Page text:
<br /> Debian GNU/Linux (woody) 3.0r1 Released – Debian Planet

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    Debian GNU/Linux (woody) 3.0r1 Released
    Submitted by robster on Monday, December 16, 2002 – 14:22
    DebianThe latest version of Debian GNU/Linux 3.0 (woody) has been released. This revision includes a selection of security and important package updates (and some package removals). All users running Debian GNU/Linux 3.0r0 should upgrade to 3.0r1 via an “apt-get upgrade”. Full details can be found in Martin Schulze’s post
    Category: News

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    Subject: I prefer adherance to policy
    Author: Crag
    Date: Tuesday, 2002/12/17 – 23:12
    If the users don’t like the policy, there are ways to get it changed. If the policy is not adhered to strictly, it’s far more difficult to make decisions because noone knows which way is ‘up’.

    Policy should not be law, it should be the map used to navigate the ethereal world of interrelations. When it turns out to be wrong or misleading, it should be changed. All maps should be drawn in pencil. It is not the strictness of a policy but the inflexibility which makes it inapropriate for a group.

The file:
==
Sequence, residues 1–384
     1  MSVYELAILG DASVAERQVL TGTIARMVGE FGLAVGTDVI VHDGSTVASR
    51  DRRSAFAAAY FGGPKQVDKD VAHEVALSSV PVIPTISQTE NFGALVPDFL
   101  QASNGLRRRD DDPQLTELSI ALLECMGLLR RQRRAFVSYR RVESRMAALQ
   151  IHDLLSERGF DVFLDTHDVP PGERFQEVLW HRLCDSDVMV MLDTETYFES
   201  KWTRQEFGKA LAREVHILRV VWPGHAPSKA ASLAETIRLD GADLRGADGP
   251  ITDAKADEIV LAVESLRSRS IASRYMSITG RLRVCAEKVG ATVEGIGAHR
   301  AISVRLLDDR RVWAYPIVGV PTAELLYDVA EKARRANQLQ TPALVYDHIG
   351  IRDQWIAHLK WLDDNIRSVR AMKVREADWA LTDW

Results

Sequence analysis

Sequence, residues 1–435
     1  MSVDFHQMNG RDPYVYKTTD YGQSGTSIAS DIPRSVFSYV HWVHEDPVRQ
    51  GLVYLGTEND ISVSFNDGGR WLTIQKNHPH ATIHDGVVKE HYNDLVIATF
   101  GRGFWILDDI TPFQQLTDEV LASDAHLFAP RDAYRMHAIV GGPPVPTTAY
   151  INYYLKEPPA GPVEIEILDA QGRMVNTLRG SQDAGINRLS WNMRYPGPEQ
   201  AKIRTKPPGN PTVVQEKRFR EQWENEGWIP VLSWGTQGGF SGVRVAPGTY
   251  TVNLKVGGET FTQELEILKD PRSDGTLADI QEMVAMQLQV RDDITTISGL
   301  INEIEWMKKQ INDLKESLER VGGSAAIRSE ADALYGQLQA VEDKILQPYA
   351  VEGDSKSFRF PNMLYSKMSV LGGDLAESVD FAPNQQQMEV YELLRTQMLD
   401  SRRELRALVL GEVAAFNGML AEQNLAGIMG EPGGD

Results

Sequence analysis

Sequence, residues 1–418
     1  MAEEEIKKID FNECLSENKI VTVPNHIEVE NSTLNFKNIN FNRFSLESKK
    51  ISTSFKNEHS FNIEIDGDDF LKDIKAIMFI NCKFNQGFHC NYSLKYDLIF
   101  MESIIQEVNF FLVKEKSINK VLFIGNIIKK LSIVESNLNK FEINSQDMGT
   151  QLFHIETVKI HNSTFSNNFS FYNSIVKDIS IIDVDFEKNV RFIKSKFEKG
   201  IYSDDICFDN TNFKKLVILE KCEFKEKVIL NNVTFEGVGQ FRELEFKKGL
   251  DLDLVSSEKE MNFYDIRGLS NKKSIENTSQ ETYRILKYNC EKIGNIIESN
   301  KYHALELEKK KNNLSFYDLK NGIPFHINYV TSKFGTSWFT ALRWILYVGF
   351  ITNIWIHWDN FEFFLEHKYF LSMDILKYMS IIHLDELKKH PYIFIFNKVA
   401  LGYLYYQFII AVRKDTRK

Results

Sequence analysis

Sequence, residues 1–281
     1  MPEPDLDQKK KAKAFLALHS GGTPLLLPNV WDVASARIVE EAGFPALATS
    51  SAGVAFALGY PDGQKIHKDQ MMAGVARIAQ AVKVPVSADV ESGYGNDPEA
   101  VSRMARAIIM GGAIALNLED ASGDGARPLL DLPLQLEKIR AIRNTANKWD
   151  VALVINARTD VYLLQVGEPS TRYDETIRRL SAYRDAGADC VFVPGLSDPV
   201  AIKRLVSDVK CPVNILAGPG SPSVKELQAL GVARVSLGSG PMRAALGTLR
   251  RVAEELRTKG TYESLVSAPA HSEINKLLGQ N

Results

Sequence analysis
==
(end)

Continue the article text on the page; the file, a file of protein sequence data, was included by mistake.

From what I know your analysis of the situation is dead on, but the solution is to fix the policy, not to break or ‘bend’ it.

    [ return ]

     

    Subject: Policy as law
    Author: hazelsct
    Date: Thursday, 2002/12/19 – 18:13
    I’m not quite sure what you mean by, “Policy should not be law”, I think law is a useful analogy.

    A map is quite different: it’s a representation of something very real, and if inaccurate, that’s because it fails to conform with reality. There is no “reality” here to be different from, only a set of objectives for a functioning system, objectives which vary from person to person, so we come together and agree on “policy” which sort of helps us to meet all of our objectives. Just like a law, except submission is voluntary here.

    Back to law, it is written by imperfect people, and deliberately does not *dictate* its interpretation in every situation. Considerable leeway is given to human beings, in the form of juries and judges, to interpret it according to common understandings, e.g. “Okay, you ran that red traffic light, but with your mother-in-law’s hands around your neck at the time it was understandable, no fine.”

    Why is it that so many people treat policy as a set of unalterable dictates? We’ve made exceptions in the past (e.g. Mozilla M18 upgrade in potato mentioned earlier; hundreds if not thousands of packages are released without conforming perfectly to all aspects of policy), and I hope will make exceptions in the future. This clearly is a situation calling for an exception.

    -Adam P.

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